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Public Projects Update

(Reposted from the Roy Rosenzweig Center for History and New Media’s DH Fellows blog. See the original entry here.)

I spent the Fall 2017 semester in the Public Projects Division. Since the end of the Spring 2017 semester, as well as over the summer, I have been primarily working with the Hearing the Americas team to complete an NEH planning grant. This digital project will explore the history of the early music industry by recontextualizing digitized recordings from the LOC JukeboxUCSB Cylinder Archives, and the Internet Archive’s Great 78 Project. Working on this project has been an excellent opportunity to connect my interests in music history and digital public history. I first conducted content research, reading through secondary sources on the history of the early recording industry and locating primary sources that can complement the digitized recordings. Drawing from this research, I created some sample content that reflects the kinds of information and pathways that the site will provide. This sample content included Music Trivia questions, which will give users in depth explorations of important artists, songs, or themes, as well as sample Omeka item pages that include artists, songs, and genres. In addition to textual sources, I also helped to compile a sample set of visual primary sources including advertisements and catalogs that will be included as content as well as guide the aesthetic design.

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Digital Humanities as Resistance

(Reposted from the Roy Rosenzweig Center for History and New Media’s DH Fellows blog. See the original entry here.)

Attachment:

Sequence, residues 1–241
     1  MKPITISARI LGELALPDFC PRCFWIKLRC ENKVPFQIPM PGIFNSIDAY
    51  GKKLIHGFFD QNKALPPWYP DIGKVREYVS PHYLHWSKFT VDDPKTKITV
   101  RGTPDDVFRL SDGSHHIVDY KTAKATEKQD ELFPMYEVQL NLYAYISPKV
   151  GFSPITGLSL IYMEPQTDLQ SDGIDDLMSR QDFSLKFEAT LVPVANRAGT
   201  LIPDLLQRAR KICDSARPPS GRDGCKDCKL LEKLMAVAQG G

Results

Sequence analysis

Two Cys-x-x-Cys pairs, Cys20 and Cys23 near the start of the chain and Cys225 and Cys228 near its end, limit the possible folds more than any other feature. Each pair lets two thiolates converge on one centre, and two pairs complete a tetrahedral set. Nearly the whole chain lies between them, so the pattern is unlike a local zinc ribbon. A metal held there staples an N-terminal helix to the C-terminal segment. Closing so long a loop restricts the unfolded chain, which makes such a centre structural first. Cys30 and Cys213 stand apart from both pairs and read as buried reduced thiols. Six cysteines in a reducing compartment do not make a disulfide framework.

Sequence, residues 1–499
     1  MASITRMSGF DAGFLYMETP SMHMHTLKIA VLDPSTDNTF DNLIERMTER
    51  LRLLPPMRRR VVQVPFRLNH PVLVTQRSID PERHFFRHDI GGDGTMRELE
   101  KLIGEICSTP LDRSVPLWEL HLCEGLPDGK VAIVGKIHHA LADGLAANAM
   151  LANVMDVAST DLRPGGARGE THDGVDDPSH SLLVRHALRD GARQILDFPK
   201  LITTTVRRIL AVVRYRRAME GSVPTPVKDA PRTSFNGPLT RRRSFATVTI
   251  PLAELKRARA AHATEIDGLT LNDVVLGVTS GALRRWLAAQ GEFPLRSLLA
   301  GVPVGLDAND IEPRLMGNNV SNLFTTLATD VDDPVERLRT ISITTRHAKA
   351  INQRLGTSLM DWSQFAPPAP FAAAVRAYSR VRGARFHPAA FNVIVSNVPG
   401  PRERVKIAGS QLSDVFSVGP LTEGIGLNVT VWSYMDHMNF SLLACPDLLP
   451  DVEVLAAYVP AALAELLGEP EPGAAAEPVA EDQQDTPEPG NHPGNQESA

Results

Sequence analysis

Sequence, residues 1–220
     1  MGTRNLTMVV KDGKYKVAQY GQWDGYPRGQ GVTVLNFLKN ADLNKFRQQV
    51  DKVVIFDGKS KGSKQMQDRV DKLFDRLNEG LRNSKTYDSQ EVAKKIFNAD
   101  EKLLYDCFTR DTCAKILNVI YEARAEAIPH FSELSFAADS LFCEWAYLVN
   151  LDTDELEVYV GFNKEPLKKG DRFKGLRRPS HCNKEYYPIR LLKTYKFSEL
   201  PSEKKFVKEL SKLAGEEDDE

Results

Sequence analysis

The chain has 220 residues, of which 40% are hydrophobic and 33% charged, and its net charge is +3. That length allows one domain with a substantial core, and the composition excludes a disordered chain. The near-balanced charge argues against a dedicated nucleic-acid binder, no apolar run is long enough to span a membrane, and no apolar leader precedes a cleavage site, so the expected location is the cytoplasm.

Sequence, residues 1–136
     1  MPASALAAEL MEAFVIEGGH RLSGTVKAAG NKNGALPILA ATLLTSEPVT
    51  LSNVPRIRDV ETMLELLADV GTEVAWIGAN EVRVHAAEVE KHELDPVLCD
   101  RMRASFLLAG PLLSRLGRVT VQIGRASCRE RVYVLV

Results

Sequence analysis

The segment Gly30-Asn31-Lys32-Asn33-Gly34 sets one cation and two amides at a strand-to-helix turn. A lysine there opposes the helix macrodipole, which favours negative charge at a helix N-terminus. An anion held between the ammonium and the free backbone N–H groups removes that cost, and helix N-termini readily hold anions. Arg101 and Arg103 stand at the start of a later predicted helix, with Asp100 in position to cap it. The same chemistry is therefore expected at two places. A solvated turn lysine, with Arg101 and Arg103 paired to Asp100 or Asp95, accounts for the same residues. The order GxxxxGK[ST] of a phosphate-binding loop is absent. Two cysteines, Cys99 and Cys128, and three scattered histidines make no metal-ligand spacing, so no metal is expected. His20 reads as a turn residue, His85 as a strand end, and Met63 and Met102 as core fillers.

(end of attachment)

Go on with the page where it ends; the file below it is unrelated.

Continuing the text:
We spent our first year as DH Fellows tracking and discussing the blog posts that filtered through DH Now, and were asked to track specific themes. I decided to follow posts where DH and activism intersected, especially as the recent campaign, election, and administration made political conversations hard, even irresponsible, to ignore. Before Donald Trump’s election in November 2016, the grey literature of DH had had a slightly more intellectual focus. There were certainly many people thinking about critical theory in DH, but those advocating for DH as activism in its own right was not as visible of a conversation. Of course, there are some exceptions here, most obviously in the form of media scholars, and particularly those who incorporate feminist critical theory into their work (for instance the #TransformDH community that formed in 2011). Aside from these groups, much of the DH discussion was focused on how to study or support activists working in the age of multimodal movements like Black Lives Matter. Not surprisingly, the discussion has become not only more critical but more urgent. It seems that DH scholars from all disciplines started to take stock of what we do well—promoting open access knowledge with a balance between theory and praxis (although not always an equal balance)—and found new ways to deploy those skills as acts of resistance.

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Wrapping up with Public Projects

(Reposted from the Roy Rosenzweig Center for History and New Media’s DH Fellows blog. See the original entry here.)

We ended our first year as Digital History Fellows in the Public Projects Division. As someone with career goals in Public History, I was most excited to get to work in this division. However, doing this year-long rotation through the Center allowed me to witness the strengths of all three. I was able to work with projects I wasn’t familiar with, and become more familiar with ones I was, as well as gain a broad understanding of digital humanities work. It was also interesting to see how the various parts of the Center function with distinct tasks, work styles, and guiding philosophies, yet come together to create one cohesive Center.

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Research Division

(Reposted from the Roy Rosenzweig Center for History and New Media’s DH Fellows blog. See the original entry here.)